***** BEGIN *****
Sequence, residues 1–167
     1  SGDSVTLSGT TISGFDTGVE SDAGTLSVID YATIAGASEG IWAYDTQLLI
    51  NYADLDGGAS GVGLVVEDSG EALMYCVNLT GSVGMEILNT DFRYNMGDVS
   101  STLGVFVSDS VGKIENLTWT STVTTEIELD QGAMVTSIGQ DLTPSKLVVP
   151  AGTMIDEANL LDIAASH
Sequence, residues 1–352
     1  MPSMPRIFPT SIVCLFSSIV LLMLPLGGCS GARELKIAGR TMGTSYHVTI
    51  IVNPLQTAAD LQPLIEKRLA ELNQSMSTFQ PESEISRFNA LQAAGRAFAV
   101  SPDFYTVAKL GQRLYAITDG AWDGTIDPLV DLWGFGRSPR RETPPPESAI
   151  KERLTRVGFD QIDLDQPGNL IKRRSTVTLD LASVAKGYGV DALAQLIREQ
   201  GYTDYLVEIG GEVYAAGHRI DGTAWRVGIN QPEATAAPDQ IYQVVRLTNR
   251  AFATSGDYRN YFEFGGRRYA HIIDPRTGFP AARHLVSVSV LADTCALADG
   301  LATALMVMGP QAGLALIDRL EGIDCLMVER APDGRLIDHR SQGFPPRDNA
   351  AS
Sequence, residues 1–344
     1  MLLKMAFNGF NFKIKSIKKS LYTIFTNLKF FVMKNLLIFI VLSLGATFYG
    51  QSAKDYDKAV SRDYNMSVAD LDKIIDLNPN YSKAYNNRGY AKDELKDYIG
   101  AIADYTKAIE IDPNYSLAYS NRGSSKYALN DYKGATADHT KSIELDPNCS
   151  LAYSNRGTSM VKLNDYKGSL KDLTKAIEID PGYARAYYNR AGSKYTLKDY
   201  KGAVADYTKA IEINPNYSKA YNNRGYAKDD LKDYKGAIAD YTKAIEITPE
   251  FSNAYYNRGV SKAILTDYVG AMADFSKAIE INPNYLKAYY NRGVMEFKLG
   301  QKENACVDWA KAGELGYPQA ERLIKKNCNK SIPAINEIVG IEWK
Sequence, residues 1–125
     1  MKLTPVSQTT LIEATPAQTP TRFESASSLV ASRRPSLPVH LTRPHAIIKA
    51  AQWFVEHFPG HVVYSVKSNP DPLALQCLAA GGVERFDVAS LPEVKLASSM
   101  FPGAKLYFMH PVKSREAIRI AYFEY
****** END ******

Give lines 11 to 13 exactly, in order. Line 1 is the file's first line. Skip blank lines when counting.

   201  GYTDYLVEIG GEVYAAGHRI DGTAWRVGIN QPEATAAPDQ IYQVVRLTNR
   251  AFATSGDYRN YFEFGGRRYA HIIDPRTGFP AARHLVSVSV LADTCALADG
   301  LATALMVMGP QAGLALIDRL EGIDCLMVER APDGRLIDHR SQGFPPRDNA